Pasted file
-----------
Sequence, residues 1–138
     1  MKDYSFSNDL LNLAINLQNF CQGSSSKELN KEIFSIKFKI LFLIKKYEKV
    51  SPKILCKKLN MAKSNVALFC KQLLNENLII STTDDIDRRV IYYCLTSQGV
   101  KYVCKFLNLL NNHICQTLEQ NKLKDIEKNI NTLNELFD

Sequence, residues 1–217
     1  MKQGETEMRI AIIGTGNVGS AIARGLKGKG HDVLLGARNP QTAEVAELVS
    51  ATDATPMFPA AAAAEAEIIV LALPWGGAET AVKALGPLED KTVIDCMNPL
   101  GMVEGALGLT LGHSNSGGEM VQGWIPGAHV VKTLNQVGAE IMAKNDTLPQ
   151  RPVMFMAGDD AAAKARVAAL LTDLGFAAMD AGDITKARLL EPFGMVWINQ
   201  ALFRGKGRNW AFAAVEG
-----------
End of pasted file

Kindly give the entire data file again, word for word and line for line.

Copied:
Sequence, residues 1–138
     1  MKDYSFSNDL LNLAINLQNF CQGSSSKELN KEIFSIKFKI LFLIKKYEKV
    51  SPKILCKKLN MAKSNVALFC KQLLNENLII STTDDIDRRV IYYCLTSQGV
   101  KYVCKFLNLL NNHICQTLEQ NKLKDIEKNI NTLNELFD

Sequence, residues 1–217
     1  MKQGETEMRI AIIGTGNVGS AIARGLKGKG HDVLLGARNP QTAEVAELVS
    51  ATDATPMFPA AAAAEAEIIV LALPWGGAET AVKALGPLED KTVIDCMNPL
   101  GMVEGALGLT LGHSNSGGEM VQGWIPGAHV VKTLNQVGAE IMAKNDTLPQ
   151  RPVMFMAGDD AAAKARVAAL LTDLGFAAMD AGDITKARLL EPFGMVWINQ
   201  ALFRGKGRNW AFAAVEG